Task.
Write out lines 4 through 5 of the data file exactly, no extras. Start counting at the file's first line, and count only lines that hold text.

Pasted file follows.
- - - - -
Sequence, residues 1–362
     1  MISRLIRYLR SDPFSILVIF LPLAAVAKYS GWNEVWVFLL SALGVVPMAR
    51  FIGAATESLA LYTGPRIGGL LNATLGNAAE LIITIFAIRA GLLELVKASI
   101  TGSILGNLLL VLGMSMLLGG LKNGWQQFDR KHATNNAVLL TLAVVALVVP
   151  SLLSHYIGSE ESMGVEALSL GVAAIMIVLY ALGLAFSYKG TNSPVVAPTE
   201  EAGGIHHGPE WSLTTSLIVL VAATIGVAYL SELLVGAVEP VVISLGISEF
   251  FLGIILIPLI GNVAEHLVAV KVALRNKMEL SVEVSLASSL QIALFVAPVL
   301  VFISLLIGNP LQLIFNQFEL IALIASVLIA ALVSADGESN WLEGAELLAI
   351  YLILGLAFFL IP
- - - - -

   101  TGSILGNLLL VLGMSMLLGG LKNGWQQFDR KHATNNAVLL TLAVVALVVP
   151  SLLSHYIGSE ESMGVEALSL GVAAIMIVLY ALGLAFSYKG TNSPVVAPTE